Penniston is currently working with Gilbertson-White to analyze how cancer patients experience symptoms when they also have other chronic conditions, with a goal to better specialize interventions for specific symptoms. She created the interview guide used in the study—which has been put on hold during the COVID-19 pandemic—and piloted it on a select set of patients. She was invited to present this work this spring at the American Academy of Hospice and Palliative Medicine conference in San Diego and the Oncology Nursing Society in San Antonio, Texas, but both were canceled due to COVID-19.

College of Nursing

The University of Iowa College of Nursing is at the center of innovation and discovery, where new ideas for nursing care are developed, tested, applied to patient care and then distributed throughout the world as best practices. In partnership with the University of Iowa Hospitals and Clinics, the college operates a state-of-the-art Nursing Clinical Education Center, which features several high-fidelity simulation labs where students practice sophisticated and complex nursing care in specialty and clinical situations to improve health care delivery and practice.

Gilbertson-White was impressed by Penniston during the India Winterim, saying her clinical demeanor and approach to learning was impressive for a sophomore yet to start her official nursing coursework. 

“Since that time, Bella has been deeply involved in research both as a member of my team and the College of Nursing Young Scientist Program,” Gilbertson-White says. “She has been the recipient of research funding from the ICRU and the College of Nursing Nancy Stence Creason Award. Most impressively, she has had her research accepted for presentation at prestigious national conferences. Bella approaches her work with maturity and strives for excellence. It has been a pleasure working her, and we are proud to call her one of our grads.”

Along with her research work, Penniston served for three semesters as a supplemental instruction leader in general chemistry for people who were interested in becoming a nursing major. She says she never thought she would be comfortable doing that, but it made her realize she would like to teach in some capacity in the future.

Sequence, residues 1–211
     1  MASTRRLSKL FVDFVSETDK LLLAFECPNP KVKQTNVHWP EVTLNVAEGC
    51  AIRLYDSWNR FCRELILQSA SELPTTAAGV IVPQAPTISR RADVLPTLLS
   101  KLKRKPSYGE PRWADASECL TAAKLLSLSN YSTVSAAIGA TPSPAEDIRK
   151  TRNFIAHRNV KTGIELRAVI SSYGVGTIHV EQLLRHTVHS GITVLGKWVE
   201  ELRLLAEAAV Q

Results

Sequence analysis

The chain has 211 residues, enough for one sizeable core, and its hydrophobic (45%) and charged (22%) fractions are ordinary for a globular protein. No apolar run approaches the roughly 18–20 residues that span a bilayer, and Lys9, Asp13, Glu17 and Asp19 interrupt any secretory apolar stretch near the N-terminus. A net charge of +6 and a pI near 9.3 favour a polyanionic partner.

Penniston says she never could have expected to develop such close relationships with the nursing faculty.

“I feel comfortable texting them with questions, or stopping to chat when I see them at a restaurant,” Penniston says. “It’s not just during office hours. That has made a huge difference, and without it, my experience here would have been much different.”

The current worldwide health situation has affected everyone, but its impact is especially being felt by students graduating this spring.

“We’re still going to get our degree, but you go through four years of school and you work hard and you just want to walk across that stage so badly,” Penniston says. “Not being able to do that is disappointing. I totally understand it, especially being in health care, but it’s still disappointing. We’ll figure something out, but it almost feels like we were done with college before we were ready to be.”

Penniston has had a unique view of the pandemic as a nursing assistant at UI Hospitals & Clinics, where she has worked for two years.

“It’s been kind of scary, not just for me, but for all my patients,” Penniston says. “It makes you think a lot about what an important role you play in someone’s care, but you also can be a risk to them. I’ve been taking my temperature like a madwoman because I don’t want to go into work and not know I’m sick.”

Penniston says she feels well prepared to go into the real world in large part thanks to the clinical experience offered by the College of Nursing.

“A lot of colleges and universities don’t require nearly the number of clinical hours we do,” Penniston says. “I feel a lot more comfortable walking into a patient’s room than I did even a year ago. That’s a huge testament to how great the clinical experience has been.”

Penniston will start this summer as a nurse on the cardiac intermediate care unit at University of Wisconsin Health. But she is not finished with research. She says she eventually plans to return closer to home and pursue her PhD, hopefully at Iowa.